HISTORY ABOUT BODE OLABANJI
He “Aremu Bode Olabanji” was born in shao MORO local government Area, kwara state. In the year of 1980’s. At the family of Mr. and Mrs. Aremu Akanbi of Ile Bolude’s compound shao, moro local government, kwara State. He started his career by going to L.G.E.A primary school (SEB) Shao in 1990. He also goes to secondary school “Awon Ga High school Shao” in 1996 to 2002. He later went to Federal College of Education, Kontagora Niger state. Where he obtain the diploma in ENG/CRS in year 2007.
Bode Olabanji also work under F.T.S “Federal Teacher’s scheme” for four years, during this four years, he also further his study by went to university of Ilorin to study “Primary Education Study” (PES) and he obtain B.sc in primary Education Studies in 2017.
Bode Olabanji was one of professors writer and Authors, He wrote many books includes: War, death, The Secret of Cultism in School and Societies, Shameful Child, No More Happy, The Archer e.t.c. Bode Olabanji is one of Educators in Nigerian & he has a lot of students that have graduate by him that are in high place now. Thanks God. WRITTEN BY AREMU BODE OLABANJI [DWAY
ISSUES IN PRIMARY EDUCATION.
ISSUES IN NURSERY EDUCATION
Educational Policies and Problems of Implementation in Nigeria Okoroma, N. S. Australian Journal of Adult Learning, v46 n2 p243-263 Jul 2006. The poor performance of the education sector in Nigeria has become very worrisome. What is the problem? Is the educational policy faulty or is it the implementation that is faulty? What are the implications for national development? These are the issues explored in this paper, based on a literature review approach. The findings blame the distortions in the educational system on the ineffective implementation engendered primarily by lack of political will, lack of continuity of programs, and corruption. The situation has hindered national development and, until urgent action is taken to review Nigeria's educational system, its national aspirations will continue to be compromised. The paper recommends the discontinuation of the National Policy on Education fashioned after the American system and the adoption of the model practiced by Asian countries such as Japan, China and India which takes the culture of the people into consideration. In addition, the provision of qualitative education should be made compulsory and entrenched into the Constitution in order to encourage result-oriented implementation. Sustained political will and eradication of corruption are necessary for effective policy implementation. MINIMUM STANDARDS FOR PRE-PRIMARY AND PRIMARY INSTITUTIONS (1) The responsibility for the establishment and maintenance of minimum standards in pre-primary and primary schools and similar institutions in the Federation is hereby vested in the Minister. (2) In prescribing the minimum standards mentioned in subsection (1) of this section, the Minister shall have regard to the matters mentioned in sections 2 and 3 of this Act. PURPOSE OF PRE-PRIMARY EDUCATION The purpose of pre-primary education shall be- (a) To effect a smooth transition from home to school; (b) To prepare the child for the primary level of education; (c) To provide adequate care and supervision for children while their parents are away from home either at work, on the farms, in the markets or in offices or otherwise howsoever; (d) To inculcate in the child the best of social norms; (e) To inculcate in the child the spirit of inquiry and creativity through the exploration of nature and the local environment, playing with toys and indulging in artistic and musical activities; (f) To instill in the child the need for co-operation with others and team spirits; (g) To teach children the rudiments of numbers, colours, shapes and forms through play; and (h) To teach children good habits, especially good health habits.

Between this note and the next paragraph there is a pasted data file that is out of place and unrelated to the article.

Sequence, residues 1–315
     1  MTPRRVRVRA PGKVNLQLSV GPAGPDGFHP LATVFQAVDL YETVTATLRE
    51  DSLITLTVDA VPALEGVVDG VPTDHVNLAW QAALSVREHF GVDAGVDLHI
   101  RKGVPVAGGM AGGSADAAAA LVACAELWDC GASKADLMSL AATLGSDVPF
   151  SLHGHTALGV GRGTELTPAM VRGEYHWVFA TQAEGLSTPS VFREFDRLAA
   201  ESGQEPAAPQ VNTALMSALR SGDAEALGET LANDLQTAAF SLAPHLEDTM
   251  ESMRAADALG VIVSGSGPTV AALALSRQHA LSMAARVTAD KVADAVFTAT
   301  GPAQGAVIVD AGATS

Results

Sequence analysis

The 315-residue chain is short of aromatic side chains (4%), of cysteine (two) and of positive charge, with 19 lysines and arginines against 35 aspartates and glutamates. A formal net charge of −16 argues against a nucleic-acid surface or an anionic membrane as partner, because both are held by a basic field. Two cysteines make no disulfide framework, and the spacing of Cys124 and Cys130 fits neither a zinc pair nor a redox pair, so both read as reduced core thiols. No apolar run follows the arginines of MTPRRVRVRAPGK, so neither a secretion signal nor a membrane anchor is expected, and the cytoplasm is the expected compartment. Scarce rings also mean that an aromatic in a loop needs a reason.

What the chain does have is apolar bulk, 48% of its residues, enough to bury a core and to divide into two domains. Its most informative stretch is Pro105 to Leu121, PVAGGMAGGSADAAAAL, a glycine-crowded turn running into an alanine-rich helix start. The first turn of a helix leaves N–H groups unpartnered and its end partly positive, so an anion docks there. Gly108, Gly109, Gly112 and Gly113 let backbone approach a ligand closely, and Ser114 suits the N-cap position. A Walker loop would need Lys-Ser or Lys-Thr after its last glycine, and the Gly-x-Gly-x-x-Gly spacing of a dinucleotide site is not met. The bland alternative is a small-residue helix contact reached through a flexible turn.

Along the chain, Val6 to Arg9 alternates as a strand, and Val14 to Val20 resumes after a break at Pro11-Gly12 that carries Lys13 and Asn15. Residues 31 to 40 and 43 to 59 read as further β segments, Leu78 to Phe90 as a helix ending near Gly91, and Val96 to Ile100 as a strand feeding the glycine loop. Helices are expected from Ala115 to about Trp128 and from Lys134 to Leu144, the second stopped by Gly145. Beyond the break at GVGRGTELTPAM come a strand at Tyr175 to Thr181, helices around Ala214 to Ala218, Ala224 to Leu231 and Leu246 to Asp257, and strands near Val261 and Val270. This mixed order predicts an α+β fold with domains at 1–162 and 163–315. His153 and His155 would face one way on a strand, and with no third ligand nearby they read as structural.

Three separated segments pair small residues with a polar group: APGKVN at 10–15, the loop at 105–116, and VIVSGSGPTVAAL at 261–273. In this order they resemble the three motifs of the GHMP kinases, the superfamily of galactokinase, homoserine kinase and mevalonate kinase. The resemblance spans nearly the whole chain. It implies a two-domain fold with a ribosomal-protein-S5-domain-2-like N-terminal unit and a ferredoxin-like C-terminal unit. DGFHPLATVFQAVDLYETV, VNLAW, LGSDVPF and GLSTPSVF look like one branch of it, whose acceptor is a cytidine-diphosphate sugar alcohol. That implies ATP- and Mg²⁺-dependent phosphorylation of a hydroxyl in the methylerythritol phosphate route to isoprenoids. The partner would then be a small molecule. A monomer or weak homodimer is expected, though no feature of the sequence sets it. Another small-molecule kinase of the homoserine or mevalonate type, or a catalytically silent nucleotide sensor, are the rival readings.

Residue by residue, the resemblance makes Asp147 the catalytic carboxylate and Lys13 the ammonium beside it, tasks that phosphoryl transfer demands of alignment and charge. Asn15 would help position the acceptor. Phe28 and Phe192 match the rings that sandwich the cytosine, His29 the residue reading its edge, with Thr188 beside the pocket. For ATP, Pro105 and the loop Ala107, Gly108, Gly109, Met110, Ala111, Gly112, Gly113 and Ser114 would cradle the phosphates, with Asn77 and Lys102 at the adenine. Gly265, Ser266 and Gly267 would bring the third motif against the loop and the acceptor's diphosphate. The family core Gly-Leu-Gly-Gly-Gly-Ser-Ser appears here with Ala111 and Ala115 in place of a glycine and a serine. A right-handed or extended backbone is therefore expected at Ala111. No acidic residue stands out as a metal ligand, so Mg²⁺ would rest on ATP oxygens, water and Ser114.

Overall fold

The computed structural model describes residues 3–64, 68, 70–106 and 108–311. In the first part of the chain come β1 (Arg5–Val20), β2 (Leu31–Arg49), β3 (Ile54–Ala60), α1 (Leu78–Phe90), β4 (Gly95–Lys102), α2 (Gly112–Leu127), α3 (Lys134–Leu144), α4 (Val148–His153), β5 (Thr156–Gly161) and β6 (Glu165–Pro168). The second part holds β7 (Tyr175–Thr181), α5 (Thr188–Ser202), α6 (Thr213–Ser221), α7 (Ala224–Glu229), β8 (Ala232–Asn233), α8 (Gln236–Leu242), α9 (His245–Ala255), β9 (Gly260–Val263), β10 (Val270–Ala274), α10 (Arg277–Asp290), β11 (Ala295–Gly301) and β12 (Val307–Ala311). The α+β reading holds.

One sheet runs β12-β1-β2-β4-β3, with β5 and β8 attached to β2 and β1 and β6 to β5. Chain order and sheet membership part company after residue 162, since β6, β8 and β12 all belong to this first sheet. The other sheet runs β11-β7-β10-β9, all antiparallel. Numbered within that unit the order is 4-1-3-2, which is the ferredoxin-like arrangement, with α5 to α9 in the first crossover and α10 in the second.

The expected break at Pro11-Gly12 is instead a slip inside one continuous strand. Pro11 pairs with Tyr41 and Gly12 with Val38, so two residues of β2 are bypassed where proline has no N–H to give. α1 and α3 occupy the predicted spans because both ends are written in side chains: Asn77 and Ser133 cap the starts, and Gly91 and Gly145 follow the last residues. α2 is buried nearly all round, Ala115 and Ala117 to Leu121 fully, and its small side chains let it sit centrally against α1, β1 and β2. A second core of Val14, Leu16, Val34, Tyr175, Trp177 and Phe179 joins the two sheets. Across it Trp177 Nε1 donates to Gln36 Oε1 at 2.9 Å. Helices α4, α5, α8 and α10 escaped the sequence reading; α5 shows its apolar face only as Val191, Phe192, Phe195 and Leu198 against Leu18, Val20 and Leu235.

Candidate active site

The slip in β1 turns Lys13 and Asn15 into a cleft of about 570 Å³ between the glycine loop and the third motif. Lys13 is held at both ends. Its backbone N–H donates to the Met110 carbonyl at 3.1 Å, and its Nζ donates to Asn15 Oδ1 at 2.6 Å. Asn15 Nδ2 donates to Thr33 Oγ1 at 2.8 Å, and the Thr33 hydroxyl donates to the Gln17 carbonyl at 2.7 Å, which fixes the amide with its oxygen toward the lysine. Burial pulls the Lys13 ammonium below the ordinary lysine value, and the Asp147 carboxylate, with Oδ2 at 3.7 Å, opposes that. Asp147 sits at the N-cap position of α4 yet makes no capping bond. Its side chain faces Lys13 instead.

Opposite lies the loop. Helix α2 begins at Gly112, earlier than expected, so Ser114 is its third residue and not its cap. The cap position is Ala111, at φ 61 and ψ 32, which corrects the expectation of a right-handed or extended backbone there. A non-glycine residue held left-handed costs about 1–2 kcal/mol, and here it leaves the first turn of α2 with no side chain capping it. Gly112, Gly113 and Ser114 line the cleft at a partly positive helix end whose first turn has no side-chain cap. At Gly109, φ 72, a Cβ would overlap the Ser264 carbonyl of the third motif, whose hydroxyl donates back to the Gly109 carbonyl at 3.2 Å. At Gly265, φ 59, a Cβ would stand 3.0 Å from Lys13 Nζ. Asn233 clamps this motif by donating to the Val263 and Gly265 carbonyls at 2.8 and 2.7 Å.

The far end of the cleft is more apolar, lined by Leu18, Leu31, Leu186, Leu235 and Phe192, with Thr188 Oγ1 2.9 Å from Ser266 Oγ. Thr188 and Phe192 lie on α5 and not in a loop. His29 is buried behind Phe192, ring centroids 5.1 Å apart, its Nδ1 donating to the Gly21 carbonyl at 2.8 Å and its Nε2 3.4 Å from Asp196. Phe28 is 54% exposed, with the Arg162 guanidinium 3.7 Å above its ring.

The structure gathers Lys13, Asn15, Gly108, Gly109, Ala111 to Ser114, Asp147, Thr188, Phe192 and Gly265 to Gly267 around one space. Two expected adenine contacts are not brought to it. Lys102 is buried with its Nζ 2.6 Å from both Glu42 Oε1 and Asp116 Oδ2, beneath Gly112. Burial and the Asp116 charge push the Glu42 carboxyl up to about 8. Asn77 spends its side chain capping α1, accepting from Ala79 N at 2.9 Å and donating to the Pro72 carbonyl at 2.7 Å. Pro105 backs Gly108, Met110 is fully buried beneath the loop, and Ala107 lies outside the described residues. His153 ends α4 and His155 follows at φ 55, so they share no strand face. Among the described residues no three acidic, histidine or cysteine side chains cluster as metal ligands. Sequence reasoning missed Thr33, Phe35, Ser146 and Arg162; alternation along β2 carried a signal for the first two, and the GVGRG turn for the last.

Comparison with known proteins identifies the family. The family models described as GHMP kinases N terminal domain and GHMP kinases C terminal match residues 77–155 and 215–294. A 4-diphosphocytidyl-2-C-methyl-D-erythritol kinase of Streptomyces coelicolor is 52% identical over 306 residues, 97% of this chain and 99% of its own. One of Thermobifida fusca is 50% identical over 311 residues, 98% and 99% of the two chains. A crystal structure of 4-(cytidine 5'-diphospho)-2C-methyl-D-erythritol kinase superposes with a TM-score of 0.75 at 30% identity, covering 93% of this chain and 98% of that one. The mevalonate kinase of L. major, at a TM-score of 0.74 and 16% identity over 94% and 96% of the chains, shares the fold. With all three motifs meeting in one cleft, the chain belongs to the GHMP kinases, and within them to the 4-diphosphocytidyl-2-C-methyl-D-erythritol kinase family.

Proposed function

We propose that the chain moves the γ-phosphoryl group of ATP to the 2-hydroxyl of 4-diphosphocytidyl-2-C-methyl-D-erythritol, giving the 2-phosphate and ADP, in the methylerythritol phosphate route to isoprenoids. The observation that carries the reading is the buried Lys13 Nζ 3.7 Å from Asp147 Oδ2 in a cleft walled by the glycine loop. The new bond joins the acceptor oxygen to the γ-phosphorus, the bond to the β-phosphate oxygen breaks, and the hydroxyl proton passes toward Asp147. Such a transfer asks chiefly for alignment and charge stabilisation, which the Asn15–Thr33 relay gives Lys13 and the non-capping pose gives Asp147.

PURPOSE OF PRIMARY EDUCATION